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Andy Murray has said he did not know about his mother's sexual assault, revealing that he was “angry and upset” when he heard about the incident.
Judy Murray disclosed last month that she had been indecently assaulted by a drunken executive at a function eight years ago.
The former tennis coach wrote in The Sunday Post how a man she was sitting next to thrust his hand down her trousers leaving her "sick to [her] stomach" and "disgusted".
Discussing his mother’s experience for the first time, Murray said that his brother had already been aware of the assault, but that he had not.
“My mum did message me at the time to let me know that there was an article coming out about it,” the two-time Wimbledon champion, 35, told Emma Barnett on Bloomberg.
“And yeah, I was obviously really upset for her. I was pretty angry, but also I didn't know quite exactly what to say… obviously, I messaged my mum, I called her the following day to talk to her to make sure that she was okay,” he said.
The tennis player said that this is “a familiar story for a lot of women,” adding: “That sort of behaviour shouldn't be tolerated anywhere.”
'I feel for them that they're not able to compete'
In the interview ahead of this year’s Wimbledon Championships, the former world No 1 also addressed the decision to ban Russian and Belarusian players from the games amid the war in Ukraine.
He said that his sympathies are “first and foremost… with the people in Ukraine and what they're going through”, although he said he “can appreciate” that the decision might seem unfair to some players unable to compete.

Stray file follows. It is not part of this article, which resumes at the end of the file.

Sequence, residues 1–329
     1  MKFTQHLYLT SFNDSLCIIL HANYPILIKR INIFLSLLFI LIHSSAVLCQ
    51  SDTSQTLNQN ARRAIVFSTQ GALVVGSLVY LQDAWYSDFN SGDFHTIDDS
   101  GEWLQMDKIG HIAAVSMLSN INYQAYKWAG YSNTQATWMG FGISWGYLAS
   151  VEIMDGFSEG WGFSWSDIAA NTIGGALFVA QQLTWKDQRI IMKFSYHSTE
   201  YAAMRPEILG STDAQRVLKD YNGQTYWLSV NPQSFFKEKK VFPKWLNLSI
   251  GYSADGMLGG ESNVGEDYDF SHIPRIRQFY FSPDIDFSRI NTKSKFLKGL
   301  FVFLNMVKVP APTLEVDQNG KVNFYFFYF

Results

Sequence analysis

“In the grand scheme of things, whether some tennis players are not able to play in an event or not, and whether there's ranking points on offer, in the grand scheme of things, is kind of irrelevant,” he said.
“Obviously, I know quite a few of the Russian players and I'm friends with them, and I feel for them that they're not able to compete… I can appreciate that may seem unfair to them, but I can also see Wimbledon's side, and their point of view and the perspective that they have, and it's very complex, but at the end of it, there's a war going on.”
Murray said earlier this week that he intends to play Wimbledon next week but that he faces a race against time to prove his fitness as his abdominal injury continues to hamper his preparations.
He sustained the injury in the Stuttgart Open final just over a week ago, and was forced to withdraw from Queen's last Monday as a result.
In the interview with Emma Barnett, which was recorded before his injury, Murray was asked: “Do you have to go in believing you can win again?”
Murray replied that this is “part of the motivation to still be out there competing”, but said he knows that is going to be “an unbelievably difficult thing to do”.
He said that he still believes he has “great tennis in [him]”, adding: “I still believe, and I'm still working and training as hard as I can to try and achieve that goal.”
Murray also discussed Blackpool footballer Jake Daniels' decision to come out as gay publicly in May – becoming the first current male professional footballer in Britain to do so – saying that it was “really positive” and shines a light on tennis.
Responding to a question from Barnett, Murray said: “I think [it] was really positive that he felt comfortable enough to come out, and from what I've seen, most of the coverage has been extremely positive about it in the media.”
He added that there have been no male tennis players to have come out as gay “whilst they've still been playing”, but that a few “have come out post-career”.
“So we maybe have to ask the question as to why that is the case and why they still don't feel comfortable to come out whilst they're still active,” he said. “I would hope that it would be viewed positively by all of the players, and that's certainly been the case on the female side.”